first_img Dan Cohen AUTHOR Unsurprisingly, many of the priorities of Lt. Gen. Gwen Bingham, the Army’s new assistant chief of staff for installation management (ACSIM), are focused on ways to cope with severe funding constraints.One of her priorities is carrying out the Army’s ongoing “Reduce the Footprint” initiative, an effort to cut the overall cost of maintaining infrastructure by eliminating excess facilities. The Army spends an estimated $450 million to $500 million annually maintaining underused facilities, reports the Army News Service.“Right now we are in fiscally-constrained times. So being able to garner back dollars on reducing excess infrastructure is important,” Bingham said. “If you could imagine recouping that amount of money every year, and think about how we can invest that in the readiness of our soldiers — that’s huge.”To mitigate funding cuts for morale, welfare and recreation programs, as well as family support programs, Bingham plans to identify efficiencies, and establish and strengthen partnerships to sustain support for personnel and their families.“Realistically speaking, we won’t be able to do everything at the same level that we used to do it,” she acknowledged. “But I can assure you we will spare no effort to make sure that our soldiers and their families have that quality of life that they so richly deserve.”One solution will be to pursue partnerships with military service organizations, according to the story.“Any which way that we can partner to help retain as many of those programs we’ve had in the past, we are certainly going to do that,” Bingham said. “We’ve been doing that already. That’s not a new initiative. Partnerships occur at every level on the installation.”For top leaders in the Army, though, the No. goal is readiness. For Bingham, who assumed the duties as the ACSIM on June 30 after serving as commanding general for the Army Tank-Automotive and Armaments Life Cycle Management Command, that means ensuring installations can continue operating under any contingency, including a power outage.“Energy security is becoming an area of increased focus,” she said. “I see it … as a form of force protection and mission assurance. So being able to secure our energy on our own posts, camps and stations and installations is critical. That’s an area we are putting a lot of emphasis on. We have to make sure those installations are able to do their mission.”last_img read more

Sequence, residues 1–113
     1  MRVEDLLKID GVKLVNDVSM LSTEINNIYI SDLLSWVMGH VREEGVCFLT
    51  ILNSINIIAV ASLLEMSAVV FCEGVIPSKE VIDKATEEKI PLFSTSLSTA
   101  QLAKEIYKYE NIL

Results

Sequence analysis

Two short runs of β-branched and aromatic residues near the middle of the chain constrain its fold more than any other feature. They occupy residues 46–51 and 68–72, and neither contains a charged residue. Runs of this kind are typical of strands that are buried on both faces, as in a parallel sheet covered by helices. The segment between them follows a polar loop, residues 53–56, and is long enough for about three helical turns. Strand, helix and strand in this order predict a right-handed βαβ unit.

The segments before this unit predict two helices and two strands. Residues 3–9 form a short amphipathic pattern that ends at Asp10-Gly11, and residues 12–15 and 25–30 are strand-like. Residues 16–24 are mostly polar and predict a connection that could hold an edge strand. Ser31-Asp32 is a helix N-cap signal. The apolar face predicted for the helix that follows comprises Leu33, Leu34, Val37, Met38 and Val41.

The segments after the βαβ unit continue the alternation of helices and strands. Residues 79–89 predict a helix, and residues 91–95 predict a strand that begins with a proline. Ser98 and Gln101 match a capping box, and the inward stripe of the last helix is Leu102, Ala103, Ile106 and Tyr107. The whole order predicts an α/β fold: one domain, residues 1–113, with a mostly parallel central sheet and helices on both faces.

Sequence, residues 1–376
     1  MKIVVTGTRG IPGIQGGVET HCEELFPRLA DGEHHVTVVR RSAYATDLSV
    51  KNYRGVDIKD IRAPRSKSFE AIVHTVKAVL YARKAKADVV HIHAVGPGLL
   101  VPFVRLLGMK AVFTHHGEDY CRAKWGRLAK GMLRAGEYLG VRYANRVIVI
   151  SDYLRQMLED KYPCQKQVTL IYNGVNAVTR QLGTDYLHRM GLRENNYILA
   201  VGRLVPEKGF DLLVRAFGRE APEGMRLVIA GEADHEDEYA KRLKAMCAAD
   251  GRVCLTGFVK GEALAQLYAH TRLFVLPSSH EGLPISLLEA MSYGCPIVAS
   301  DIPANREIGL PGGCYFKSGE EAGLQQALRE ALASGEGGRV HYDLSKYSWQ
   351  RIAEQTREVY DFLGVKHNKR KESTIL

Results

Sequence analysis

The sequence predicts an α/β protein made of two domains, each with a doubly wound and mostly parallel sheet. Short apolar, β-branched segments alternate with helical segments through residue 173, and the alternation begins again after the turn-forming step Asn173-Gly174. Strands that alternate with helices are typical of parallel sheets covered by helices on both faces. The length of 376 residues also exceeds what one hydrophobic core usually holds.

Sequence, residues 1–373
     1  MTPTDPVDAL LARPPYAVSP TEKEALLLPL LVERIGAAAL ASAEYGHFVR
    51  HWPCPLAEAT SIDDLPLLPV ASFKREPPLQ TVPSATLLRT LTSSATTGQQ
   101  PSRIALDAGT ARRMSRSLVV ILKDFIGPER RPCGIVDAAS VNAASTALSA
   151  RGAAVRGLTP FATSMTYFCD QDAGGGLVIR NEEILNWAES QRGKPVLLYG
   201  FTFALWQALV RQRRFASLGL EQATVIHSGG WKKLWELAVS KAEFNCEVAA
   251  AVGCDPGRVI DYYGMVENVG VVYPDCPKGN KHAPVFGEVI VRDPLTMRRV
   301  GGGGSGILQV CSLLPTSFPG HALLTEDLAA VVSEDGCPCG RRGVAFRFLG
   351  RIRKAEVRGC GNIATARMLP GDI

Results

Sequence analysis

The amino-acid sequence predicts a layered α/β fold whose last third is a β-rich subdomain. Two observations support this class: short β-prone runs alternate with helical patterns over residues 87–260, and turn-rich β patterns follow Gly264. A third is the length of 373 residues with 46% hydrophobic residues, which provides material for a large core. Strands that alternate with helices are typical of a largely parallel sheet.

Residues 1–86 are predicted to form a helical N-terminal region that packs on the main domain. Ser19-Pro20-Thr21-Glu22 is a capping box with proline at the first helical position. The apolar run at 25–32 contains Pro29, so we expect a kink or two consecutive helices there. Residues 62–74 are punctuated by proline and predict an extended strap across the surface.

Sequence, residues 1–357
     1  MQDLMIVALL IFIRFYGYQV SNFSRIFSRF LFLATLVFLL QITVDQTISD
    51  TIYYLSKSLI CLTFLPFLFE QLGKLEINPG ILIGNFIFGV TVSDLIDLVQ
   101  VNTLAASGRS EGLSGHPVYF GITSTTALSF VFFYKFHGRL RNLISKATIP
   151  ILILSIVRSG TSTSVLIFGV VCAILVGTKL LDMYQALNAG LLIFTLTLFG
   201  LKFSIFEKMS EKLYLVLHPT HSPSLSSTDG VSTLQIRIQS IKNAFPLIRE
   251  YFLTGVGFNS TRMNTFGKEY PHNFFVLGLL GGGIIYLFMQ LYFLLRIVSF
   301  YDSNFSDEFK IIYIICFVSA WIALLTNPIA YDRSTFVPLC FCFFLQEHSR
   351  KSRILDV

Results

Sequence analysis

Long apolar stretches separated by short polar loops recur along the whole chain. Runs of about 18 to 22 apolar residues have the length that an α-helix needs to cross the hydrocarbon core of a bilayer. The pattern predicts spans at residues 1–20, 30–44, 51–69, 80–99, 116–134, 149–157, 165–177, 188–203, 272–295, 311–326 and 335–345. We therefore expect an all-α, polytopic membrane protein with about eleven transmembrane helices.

SCHOOL COMMITTEE NEWS Last Day Of School Officially Announced